Note: Where available, the PDF/Word icon below is provided to view the complete and fully formatted document
 Download Current HansardDownload Current Hansard   

Previous Fragment    Next Fragment
Thursday, 2 April 1987
Page: 2046


Mr TUCKEY(10.15) —I wish to take the opportunity tonight to talk about the Government and its approach to the most important time in Parliament, Question Time. I have been here for over six years, which is long enough to recognise a government in decay. When governments run out of good news, when they can no longer engineer questions from their back bench so that they can announce progress or good news in the community, they invariably turn on the Opposition. They regiment their back bench to throw them questions that are aimed at tipping a bucket on the Opposition. This is not new; I saw it in the decline of the previous Government and I guess, if one were to study the history of this Parliament, it would have happened many times before.

The most remarkable thing about it is that in the Government in which I participated there was not much co-operation from the back bench in being regimented, as I watch this Government's back bench being regimented into asking dorothy dix questions. Question after question is asked. Government members never get the opportunity to represent their constituents and ask the sorts of questions that they expect them to ask in their interests. Government members have to ask questions which allow Ministers to make statements.


Mr Campbell —When did you last ask one?


Mr TUCKEY —This week. Government members have to ask questions as they are instructed. They obviously accept that form of regimentation. It is entirely up to them that they continue to do it. It is a sign of a government in decay. We are now down to a situation where less than 10 questions are being answered in 45 minutes. This is a disgrace because most of the time the Opposition in particular is seeking information from the Government. The Government is so convinced that it has to have this confrontationist approach to the Opposition that it never thinks that some of these questions might be aimed at seeking information on behalf of the Australian people. The Australian people are entitled to know what is going on, what the Government's plans are, whether there is a future for falling interest rates, and other things which affect people daily. This Government does not want to answer those questions.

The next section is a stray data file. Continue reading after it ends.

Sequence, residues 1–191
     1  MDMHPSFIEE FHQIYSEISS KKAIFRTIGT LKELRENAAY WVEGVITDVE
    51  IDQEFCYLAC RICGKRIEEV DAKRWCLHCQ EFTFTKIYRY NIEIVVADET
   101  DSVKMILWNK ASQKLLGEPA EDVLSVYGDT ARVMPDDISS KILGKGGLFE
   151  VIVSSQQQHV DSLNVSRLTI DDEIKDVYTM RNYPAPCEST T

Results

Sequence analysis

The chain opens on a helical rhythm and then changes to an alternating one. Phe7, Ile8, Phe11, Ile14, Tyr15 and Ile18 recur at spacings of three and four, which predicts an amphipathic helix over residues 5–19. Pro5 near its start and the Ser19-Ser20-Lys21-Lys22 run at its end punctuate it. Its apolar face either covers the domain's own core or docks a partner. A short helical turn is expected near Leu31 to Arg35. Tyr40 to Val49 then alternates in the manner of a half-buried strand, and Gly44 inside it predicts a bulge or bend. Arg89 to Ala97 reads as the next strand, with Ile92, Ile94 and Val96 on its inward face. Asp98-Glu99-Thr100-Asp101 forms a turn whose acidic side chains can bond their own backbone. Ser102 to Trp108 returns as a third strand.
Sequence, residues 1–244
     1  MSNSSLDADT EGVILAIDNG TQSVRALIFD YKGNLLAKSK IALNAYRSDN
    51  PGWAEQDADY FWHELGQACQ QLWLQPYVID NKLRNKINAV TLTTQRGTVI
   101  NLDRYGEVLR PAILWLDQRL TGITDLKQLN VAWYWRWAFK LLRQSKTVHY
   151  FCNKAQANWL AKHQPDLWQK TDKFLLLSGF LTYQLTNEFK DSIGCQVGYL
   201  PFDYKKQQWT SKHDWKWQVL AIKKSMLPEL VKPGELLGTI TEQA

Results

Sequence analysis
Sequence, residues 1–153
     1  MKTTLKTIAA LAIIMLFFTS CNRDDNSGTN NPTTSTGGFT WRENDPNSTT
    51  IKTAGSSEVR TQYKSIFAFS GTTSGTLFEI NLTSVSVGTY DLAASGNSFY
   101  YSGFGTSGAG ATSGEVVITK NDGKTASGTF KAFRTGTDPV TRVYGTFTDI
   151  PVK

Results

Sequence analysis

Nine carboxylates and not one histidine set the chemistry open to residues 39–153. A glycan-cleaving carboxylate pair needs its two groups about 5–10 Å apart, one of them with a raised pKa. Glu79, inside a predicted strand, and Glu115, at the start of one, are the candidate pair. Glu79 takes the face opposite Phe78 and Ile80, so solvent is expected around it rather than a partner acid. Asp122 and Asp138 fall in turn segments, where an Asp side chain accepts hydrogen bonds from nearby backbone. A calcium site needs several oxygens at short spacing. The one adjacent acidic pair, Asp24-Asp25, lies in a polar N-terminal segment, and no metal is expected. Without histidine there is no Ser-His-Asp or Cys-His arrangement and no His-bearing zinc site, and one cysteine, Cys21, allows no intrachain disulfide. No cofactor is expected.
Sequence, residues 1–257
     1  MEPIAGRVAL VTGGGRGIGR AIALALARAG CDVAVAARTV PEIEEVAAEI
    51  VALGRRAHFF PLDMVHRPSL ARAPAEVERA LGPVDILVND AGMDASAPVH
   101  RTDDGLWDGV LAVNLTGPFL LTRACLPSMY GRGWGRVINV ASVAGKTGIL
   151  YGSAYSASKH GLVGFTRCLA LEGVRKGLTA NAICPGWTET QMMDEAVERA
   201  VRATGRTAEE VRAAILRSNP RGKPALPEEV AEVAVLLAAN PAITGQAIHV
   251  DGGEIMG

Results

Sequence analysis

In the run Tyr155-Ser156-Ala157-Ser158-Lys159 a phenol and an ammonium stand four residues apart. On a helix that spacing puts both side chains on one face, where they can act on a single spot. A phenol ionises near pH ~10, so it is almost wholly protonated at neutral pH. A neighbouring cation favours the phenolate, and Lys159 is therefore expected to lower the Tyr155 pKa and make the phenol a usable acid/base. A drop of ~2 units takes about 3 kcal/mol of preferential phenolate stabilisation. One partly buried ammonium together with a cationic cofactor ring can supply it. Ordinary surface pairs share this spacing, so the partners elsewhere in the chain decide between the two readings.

Today we tried to find out whether the Government had plans to sell off many national assets which it now proposes to sell to repatriate this massive $24,000m debt and reduce, hopefully, the $8,000m worth of interest that must be paid this year from taxpayers' money. That is double-edged, because when the Government is paying $8,000m in interest, we find that home owners, credit card users, farmers and small business people are having to pay interest rates of 20 per cent. So that is a very good reason why members should have their questions answered, and answered properly.

Evidence has been brought to this House by the Standing Committee on Procedure, which was looking into this issue, that in places such as Canada 40 questions can be answered in 45 minutes in some circumstances. We are getting 10 questions answered. We either have the most voluble Ministers in history or a very frightened group of Ministers who are not prepared to answer questions. Anyhow, the Government has totally regimented the members of its back bench, who are totally subservient. They never get to ask a question of interest to their own electorates. That never happened under the previous Government.


Mr Cunningham —I raise a point of order.


Mr TUCKEY —It had better be a good point of order.


Madam SPEAKER —Order! The Chair decides on points of order in this place.


Mr Cunningham —The honourable member for O'Connor is casting aspersions on the Whips' officers in this Parliament in claiming that the back benchers are regimented. That is totally against the Standing Orders and it should be withdrawn.


Madam SPEAKER —The Chair was listening very carefully; there is no point of order.


Mr TUCKEY —No point of order, Madam Speaker; that was plainly frivolous.


Madam SPEAKER —Order! The Chair decides that.


Mr TUCKEY —Yes, and I am entitled to say that that was frivolous, time-wasting and should be punished. It is not punished because the honourable member is over there. Another point I wish to make--


Madam SPEAKER —Order! The honourable member is coming very close to reflecting on the Chair.


Mr TUCKEY —There were other reflections on the Chair today; that is the final point I want to make. There was total contempt of the Speaker today, firstly by Ministers and eventually by the Prime Minister (Mr Hawke).


Madam SPEAKER —Order! The honourable member will not go into that side of it.


Mr TUCKEY —Madam Speaker, I am not speaking about you. I am speaking about members of the Government and I am entitled to do that. I am entitled to say that the Prime Minister threatened you as he left this place today.


Madam SPEAKER —Order! The honourable member for O'Connor is not entitled to say that the Prime Minister threatened me. He will withdraw that remark.


Mr TUCKEY —Well, I will withdraw it, if you do not believe it happened.